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TQ for Adult Learners

The Adult Thriving Quotient TM

The Adult Thriving Quotient TM  is a reliable (ɑ = .91), valid instrument that was developed to measure the academic, social, and psychological aspects of adult students’ experience that are most predictive of academic success, institutional fit, satisfaction with their college experience, and ultimately graduation. The 24 items on the TQ cluster onto five scales:

  • Engaged Learning – (ɑ = .89) A measure of the degree to which students are meaningfully processing what happens in class and energized by what they are learning. Sample item: “I feel energized by the ideas I am learning in most of my classes.” 

  • Academic Determination – (ɑ = .87) A measure of students’ goal-directedness, investment of effort, and regulation of their own learning and use of time. Sample item: “I am confident I will reach my educational goals.”

  • Positive Perspective – (ɑ = .73) A measure of students’ optimism and explanatory style. Sample item: “I look for the best in situations, even when things seem hopeless.”

  • Social Connectedness – (ɑ = .79) A measure of students’ involvement in healthy relationships and social support networks, whether on or off campus. Sample item: “I feel like my friends really care about me.”

  • Diverse Citizenship – (ɑ = .85) A measure of students’ desire to make a difference in the community around them, as well as their openness to differences in others. Sample item: “I value interacting with people whose viewpoints are different from my own.”

Examining thriving among adult learners developed out of a desire to understand student success more holistically than previous higher education research that had focused solely on student retention. Dr. Laurie Schreiner developed the Thriving Quotient™ (TQ) using concepts from positive psychology (i.e., flourishing) and Bean and Eaton’s (2000) retention model to introduce the term thriving to “describe the experiences of college students who are fully engaged intellectually, socially, and emotionally” (Schreiner, 2010, p. 4). Thriving is not about personality traits, but rather describes malleable qualities within a student, meaning that institutions can teach students to thrive. Years of TQ research has documented specific experiences that serve as significant pathways to adult student thriving; these pathways are also measured in the online survey:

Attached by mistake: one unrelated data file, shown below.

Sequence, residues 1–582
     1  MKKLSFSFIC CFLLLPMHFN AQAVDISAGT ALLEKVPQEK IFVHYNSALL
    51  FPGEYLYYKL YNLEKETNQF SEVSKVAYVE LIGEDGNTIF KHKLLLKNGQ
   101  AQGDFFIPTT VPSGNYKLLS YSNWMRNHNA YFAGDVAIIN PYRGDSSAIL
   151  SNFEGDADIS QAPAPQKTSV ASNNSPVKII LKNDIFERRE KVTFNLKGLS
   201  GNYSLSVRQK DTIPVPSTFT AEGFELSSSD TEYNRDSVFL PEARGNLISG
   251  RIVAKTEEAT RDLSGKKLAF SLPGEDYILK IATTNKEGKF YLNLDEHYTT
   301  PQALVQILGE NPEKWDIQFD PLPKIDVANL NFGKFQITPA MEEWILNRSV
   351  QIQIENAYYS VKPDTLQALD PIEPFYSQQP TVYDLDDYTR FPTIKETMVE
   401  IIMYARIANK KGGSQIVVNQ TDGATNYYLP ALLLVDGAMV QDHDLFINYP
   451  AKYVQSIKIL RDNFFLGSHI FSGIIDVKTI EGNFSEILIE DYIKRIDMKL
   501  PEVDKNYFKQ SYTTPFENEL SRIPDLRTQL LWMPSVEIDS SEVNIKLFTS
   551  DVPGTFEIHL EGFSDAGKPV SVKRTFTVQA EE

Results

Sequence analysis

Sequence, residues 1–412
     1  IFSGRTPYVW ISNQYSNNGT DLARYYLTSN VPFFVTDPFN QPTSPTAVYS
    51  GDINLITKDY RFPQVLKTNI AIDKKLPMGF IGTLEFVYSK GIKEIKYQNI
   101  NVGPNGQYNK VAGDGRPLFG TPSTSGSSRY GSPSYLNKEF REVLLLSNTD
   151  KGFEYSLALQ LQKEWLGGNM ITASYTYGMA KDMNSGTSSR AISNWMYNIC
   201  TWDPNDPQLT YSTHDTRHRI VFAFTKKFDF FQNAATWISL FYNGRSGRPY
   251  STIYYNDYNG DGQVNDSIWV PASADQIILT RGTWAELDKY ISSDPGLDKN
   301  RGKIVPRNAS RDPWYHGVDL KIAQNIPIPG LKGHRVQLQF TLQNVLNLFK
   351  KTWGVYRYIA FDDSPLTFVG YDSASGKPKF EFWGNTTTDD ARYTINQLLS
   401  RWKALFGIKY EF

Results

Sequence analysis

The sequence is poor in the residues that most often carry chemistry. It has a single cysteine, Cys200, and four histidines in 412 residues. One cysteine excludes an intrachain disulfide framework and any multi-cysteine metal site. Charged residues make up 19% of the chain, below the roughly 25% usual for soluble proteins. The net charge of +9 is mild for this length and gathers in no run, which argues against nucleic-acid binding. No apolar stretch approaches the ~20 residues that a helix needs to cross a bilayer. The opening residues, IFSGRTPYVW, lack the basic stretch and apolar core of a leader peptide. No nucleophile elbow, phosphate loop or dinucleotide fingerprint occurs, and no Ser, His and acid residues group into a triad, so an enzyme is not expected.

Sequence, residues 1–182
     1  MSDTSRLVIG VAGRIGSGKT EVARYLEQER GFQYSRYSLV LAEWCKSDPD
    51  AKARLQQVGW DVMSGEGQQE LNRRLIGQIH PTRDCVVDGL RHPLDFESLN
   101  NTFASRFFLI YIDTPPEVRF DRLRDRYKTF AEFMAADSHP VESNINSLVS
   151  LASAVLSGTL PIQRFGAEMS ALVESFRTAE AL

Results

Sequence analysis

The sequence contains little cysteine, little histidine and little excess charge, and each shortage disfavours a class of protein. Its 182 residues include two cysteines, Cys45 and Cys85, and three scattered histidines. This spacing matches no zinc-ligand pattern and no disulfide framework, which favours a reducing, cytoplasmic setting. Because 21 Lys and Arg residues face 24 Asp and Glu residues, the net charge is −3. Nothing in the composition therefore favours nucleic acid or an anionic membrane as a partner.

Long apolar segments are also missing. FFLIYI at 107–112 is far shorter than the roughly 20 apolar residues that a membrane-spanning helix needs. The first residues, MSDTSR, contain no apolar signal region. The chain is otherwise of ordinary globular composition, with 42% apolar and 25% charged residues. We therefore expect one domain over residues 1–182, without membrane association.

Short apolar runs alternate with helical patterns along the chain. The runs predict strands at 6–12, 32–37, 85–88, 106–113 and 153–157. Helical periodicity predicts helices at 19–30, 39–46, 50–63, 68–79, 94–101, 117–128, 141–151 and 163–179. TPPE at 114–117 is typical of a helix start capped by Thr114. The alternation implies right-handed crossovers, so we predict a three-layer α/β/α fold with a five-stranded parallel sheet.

Sense of Community – (ɑ = .87) A measure of student belonging, ownership, and sense of mattering to the institution. Sample item: “I feel like I belong here.”

Institutional Integrity – (ɑ = .84) A measure of the degree to which students perceive the institution to be “delivering on its promises.” Sample item: “This institution was accurately portrayed during the admissions process.”

Spirituality – (ɑ = .93) A measure of the degree to which students have a sense of meaning and purpose in their life that provides strengths during difficult times. Sample item: “My spiritual or religious beliefs provide me with a sense of strength when life is difficult.”

Faculty Sensitivity to Diverse Learners – (ɑ = .88) A measure of students’ perceptions of faculty inclusion of multiple perspectives in their curriculum and pedagogy, as well as their sensitivity to the needs of diverse learners. Sample item: “How satisfied are you with the degree to which your instructors include diverse perspectives in the curriculum?”

Frequency of Student-Faculty Interaction – (ɑ = .81) A measure of how often students interact with faculty in various settings or around academic or career/grad school plans. Sample item: “How often this year have you interacted with your instructors outside of class?”

Satisfaction with Faculty Interactions – (ɑ = .79) A measure of students’ satisfaction with how often they interact with faculty as well as quality of those interactions. Sample item: “How satisfied are you with the quality of the interactions you have had with your instructors so far this year?”


In addition to these predictive pathways, the instrument assesses students’ satisfaction with learning, advising, peer interactions, their living situation, mental and physical health, and overall satisfaction with their college experience. The Adult TQ also measures the degree to which students feel going back to college has impacted the significant people in their lives, and includes such demographic characteristics as gender, age, race/ethnicity, marital status, parental status, household income, generation status, high school GPA, type of program, hours per week they work, and whether the institution was their first choice at enrollment. Target group reports can be requested on any of these demographic characteristics to determine whether thriving levels are significantly different across subpopulations of adult students.

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